Perhaps it is appropriate that the newcomer, Ian Birch, is British. TV Guide was brought out in 1953 by Walter Annenberg, once a US ambassador to the Court of St James. Birch, most recently the editorial director of Emap's Heat and Closer, is being touted as an expert on boosting newsstand sales.
That's compelling to a magazine that has suffered a circulation slide from almost 17 million in the early 90s to about nine million today - with almost 150,000 of that total lost in the first six months of this year.
TV Guide has ranked among the country's top-selling titles for decades, riding the early fascination with television to become a staple in almost every US living room. Its formula of day-by-day TV listings, celebrity profiles, articles and viewing tips proved potent from the era of I Love Lucy through the dawn of Friends.
But the fragmentation of the TV medium from mass to niche markets, as typified by the multiplication of cable channels, has proved as problematic to TV Guide as it has to media planners and buyers. Finding it impossible to provide complete listings for all the channels in readers' local viewing areas, Birch's predecessors have shifted their focus to the rest of the editorial content, playing up coverage of popular stars of hit series, while relying on the TV Guide website as a medium through which to offer lengthier listings data.
But that has placed TV Guide right in the path of an oncoming train: the suddenly popular celebrity magazines such as Us, In Touch Weekly and Star, along with the powerful Time Inc twins, People and Entertainment Weekly. It's difficult to sell a magazine the size of Reader's Digest at $2.49 to $2.99 a copy when the standard-sized In Touch, from Bauer's US division, is priced at $1.99.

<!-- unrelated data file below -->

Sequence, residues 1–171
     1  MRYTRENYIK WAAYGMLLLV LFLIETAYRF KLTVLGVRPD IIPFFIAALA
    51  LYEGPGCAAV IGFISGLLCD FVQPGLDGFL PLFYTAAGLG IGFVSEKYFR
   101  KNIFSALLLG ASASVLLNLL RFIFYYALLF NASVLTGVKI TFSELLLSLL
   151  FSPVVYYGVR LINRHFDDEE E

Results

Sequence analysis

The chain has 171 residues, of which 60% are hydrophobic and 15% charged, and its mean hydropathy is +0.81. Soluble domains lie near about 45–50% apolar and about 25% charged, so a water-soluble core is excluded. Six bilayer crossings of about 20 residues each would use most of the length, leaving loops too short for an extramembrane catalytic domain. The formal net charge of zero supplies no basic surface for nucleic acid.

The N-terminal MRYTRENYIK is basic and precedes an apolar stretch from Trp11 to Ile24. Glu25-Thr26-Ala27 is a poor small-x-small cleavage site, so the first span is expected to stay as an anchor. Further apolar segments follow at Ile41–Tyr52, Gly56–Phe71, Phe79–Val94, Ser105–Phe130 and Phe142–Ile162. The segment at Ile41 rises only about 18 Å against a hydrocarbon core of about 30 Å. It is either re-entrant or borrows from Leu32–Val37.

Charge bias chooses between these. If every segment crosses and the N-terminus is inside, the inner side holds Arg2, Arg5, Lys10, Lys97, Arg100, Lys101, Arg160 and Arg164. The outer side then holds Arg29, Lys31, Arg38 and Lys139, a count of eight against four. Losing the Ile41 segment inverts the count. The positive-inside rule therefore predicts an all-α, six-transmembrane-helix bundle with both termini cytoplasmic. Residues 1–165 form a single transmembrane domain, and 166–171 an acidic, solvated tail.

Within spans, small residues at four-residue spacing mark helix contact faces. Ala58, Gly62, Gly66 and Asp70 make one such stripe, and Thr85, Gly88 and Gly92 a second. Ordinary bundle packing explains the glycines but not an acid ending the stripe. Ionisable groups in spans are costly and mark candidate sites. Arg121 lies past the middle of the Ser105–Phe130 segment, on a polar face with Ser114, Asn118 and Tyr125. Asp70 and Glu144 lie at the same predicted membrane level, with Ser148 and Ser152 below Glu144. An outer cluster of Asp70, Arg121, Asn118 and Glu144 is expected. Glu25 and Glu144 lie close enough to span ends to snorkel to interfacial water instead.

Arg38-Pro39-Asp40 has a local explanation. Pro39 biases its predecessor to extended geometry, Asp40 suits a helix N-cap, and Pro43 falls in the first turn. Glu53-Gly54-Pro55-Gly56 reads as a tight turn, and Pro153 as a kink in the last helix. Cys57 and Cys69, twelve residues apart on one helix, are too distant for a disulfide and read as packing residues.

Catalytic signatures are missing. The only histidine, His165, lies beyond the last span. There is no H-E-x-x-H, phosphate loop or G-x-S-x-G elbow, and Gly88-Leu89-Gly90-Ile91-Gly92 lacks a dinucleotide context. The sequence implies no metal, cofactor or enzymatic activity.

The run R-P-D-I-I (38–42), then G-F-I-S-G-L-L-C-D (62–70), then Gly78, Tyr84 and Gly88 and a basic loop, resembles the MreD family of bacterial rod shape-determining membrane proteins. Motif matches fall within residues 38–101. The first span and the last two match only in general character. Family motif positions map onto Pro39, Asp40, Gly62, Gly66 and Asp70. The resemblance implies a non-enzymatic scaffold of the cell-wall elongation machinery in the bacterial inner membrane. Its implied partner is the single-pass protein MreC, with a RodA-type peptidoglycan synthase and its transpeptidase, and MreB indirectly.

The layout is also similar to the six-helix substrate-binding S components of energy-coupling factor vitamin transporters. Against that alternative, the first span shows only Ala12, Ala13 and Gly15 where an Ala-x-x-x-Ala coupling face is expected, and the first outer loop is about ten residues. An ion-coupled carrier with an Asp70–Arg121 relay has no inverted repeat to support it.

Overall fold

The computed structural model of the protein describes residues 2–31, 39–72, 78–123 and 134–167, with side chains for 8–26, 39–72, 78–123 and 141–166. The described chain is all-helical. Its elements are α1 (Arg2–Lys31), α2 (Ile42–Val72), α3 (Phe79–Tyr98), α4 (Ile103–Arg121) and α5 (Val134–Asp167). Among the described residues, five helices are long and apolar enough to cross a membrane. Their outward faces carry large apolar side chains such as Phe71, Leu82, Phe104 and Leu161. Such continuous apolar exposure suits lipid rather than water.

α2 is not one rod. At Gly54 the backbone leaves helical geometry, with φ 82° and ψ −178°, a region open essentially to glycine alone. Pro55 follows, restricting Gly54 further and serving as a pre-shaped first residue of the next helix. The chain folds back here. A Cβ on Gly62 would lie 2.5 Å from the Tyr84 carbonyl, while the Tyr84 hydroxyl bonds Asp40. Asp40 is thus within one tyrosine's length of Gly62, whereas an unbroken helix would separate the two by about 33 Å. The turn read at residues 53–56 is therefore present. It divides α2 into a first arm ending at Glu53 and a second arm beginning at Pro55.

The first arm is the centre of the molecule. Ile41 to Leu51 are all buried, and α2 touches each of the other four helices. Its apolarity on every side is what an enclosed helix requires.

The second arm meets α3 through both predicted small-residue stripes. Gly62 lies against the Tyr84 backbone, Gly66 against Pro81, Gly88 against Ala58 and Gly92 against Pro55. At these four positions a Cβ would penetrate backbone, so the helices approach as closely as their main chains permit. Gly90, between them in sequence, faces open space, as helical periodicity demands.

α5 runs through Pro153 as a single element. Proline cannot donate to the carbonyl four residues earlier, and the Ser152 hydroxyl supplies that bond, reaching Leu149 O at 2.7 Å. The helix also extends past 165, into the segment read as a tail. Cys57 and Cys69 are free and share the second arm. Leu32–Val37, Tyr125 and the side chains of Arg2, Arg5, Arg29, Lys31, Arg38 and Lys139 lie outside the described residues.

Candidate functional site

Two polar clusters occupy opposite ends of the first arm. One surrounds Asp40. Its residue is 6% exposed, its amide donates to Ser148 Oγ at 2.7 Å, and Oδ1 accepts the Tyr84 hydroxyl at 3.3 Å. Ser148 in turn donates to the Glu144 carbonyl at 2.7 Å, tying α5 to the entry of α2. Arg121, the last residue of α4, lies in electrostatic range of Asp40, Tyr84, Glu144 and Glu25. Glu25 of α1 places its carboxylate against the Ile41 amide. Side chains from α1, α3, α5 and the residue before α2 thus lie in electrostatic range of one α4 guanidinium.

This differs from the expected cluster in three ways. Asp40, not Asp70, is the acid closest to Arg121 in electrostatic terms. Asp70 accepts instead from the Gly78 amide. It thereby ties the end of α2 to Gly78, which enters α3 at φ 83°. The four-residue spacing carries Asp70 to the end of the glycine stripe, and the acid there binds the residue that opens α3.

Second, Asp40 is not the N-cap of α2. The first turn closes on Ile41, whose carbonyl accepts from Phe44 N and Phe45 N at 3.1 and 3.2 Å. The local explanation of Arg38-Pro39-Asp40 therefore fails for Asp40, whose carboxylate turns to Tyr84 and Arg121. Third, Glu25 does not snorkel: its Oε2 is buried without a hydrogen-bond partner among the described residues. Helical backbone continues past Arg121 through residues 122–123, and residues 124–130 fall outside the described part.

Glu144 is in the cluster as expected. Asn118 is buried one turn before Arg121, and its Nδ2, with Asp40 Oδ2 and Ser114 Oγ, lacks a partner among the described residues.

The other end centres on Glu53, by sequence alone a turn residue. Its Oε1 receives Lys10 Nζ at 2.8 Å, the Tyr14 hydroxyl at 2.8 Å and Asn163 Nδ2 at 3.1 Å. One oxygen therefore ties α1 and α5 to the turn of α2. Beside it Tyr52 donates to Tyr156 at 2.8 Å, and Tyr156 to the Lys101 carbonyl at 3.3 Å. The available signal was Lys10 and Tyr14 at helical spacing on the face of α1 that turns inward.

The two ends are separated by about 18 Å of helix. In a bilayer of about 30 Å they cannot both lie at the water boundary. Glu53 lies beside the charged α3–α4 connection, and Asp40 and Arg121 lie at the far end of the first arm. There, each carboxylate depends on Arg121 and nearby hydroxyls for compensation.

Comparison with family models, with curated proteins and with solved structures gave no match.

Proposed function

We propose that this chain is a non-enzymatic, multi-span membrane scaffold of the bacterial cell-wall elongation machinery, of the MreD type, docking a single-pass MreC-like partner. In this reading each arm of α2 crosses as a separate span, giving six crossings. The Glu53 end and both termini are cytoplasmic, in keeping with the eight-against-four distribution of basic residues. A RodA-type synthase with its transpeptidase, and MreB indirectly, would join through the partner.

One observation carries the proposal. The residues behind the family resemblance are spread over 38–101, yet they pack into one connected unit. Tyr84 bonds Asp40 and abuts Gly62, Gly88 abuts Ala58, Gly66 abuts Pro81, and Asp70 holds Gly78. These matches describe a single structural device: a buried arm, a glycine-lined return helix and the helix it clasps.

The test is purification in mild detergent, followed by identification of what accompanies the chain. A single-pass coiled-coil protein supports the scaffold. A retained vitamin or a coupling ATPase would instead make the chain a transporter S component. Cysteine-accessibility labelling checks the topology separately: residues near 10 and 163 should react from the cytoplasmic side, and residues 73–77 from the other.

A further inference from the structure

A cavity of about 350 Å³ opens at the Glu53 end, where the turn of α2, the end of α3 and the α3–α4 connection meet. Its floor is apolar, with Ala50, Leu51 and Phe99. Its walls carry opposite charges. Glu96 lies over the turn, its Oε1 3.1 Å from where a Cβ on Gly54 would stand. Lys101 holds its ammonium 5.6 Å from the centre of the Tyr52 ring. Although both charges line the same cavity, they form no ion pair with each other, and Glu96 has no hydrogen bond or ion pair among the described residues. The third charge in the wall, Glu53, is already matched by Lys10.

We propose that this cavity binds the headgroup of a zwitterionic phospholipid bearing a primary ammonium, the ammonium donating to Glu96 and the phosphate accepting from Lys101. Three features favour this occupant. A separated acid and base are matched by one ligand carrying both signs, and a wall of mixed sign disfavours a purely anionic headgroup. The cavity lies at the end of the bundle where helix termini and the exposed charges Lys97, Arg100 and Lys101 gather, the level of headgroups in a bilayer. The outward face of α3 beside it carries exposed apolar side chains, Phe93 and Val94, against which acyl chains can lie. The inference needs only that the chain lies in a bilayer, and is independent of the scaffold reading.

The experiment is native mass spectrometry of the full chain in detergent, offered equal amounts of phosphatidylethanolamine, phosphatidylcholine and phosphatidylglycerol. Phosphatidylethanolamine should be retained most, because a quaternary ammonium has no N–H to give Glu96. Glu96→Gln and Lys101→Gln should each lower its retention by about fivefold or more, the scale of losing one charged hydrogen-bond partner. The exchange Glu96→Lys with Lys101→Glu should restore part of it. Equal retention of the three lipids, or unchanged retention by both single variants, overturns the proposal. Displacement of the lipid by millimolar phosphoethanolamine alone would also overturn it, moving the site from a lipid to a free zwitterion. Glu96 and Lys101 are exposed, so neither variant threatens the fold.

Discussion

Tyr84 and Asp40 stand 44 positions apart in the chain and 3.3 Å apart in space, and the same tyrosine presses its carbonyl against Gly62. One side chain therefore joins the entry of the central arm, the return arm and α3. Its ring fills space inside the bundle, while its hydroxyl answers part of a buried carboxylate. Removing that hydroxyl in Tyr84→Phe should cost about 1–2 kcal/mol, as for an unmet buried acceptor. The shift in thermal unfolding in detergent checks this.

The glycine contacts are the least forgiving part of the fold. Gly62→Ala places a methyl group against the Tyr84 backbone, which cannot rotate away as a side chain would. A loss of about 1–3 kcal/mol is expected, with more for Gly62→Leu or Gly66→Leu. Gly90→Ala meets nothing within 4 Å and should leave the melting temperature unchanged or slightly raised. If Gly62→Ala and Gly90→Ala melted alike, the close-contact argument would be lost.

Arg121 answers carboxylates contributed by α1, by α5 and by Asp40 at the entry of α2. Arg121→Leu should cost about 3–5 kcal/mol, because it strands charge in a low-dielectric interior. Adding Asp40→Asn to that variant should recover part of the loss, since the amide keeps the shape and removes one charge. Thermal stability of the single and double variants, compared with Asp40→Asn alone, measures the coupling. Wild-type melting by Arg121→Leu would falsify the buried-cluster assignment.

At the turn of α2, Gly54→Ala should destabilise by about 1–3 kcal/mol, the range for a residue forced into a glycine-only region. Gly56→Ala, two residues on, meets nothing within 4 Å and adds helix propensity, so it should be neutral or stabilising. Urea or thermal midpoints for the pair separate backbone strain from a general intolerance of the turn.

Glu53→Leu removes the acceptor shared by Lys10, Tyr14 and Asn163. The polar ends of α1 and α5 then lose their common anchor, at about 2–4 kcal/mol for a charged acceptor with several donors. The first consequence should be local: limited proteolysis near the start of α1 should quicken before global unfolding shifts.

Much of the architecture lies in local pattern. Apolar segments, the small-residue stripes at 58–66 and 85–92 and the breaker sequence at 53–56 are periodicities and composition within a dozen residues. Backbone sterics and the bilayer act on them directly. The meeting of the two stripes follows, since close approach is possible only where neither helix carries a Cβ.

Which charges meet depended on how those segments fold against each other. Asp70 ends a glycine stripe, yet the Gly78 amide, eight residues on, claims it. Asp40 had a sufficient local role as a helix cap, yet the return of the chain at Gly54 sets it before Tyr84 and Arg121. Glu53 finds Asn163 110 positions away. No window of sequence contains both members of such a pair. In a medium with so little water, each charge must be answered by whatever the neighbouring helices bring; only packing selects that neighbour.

Plus, it's hard to figure out which TV stars to cover when viewers are divided among more programmes than ever. If a series can succeed by drawing an audience of as few as two or three million, that's too small to help TV Guide maintain its readership or its present ad rates.
That sea change, as well as the competition from the bulked-up TV books now included with many Sunday newspapers, has led TV Guide to start adding movie stars to its coverage mix. But that has been off-putting, reminding many readers, and advertisers, of the cheapie film-fan magazines of bygone days.
Though Birch, not surprisingly, has been reluctant to share specifics of his plans before starting his job on 18 October, he told interviewers he favours more service journalism, ie. helping to separate the video wheat from the chaff.
If only TV makeover mavens such as the Queer Eye guys could step out of the magazine's pages and offer solutions. One idea might be to launch a celebrity-focused, standard-sized spin-off, under the TV Guide name.
Another could be licensing the name for Sunday newspaper TV books, emulating how Time Inc intends next month to reintroduce Life, once a weekly magazine, as a Sunday supplement.
Or maybe the two publications could merge and offer self-help advice.
Life Guide, anyone?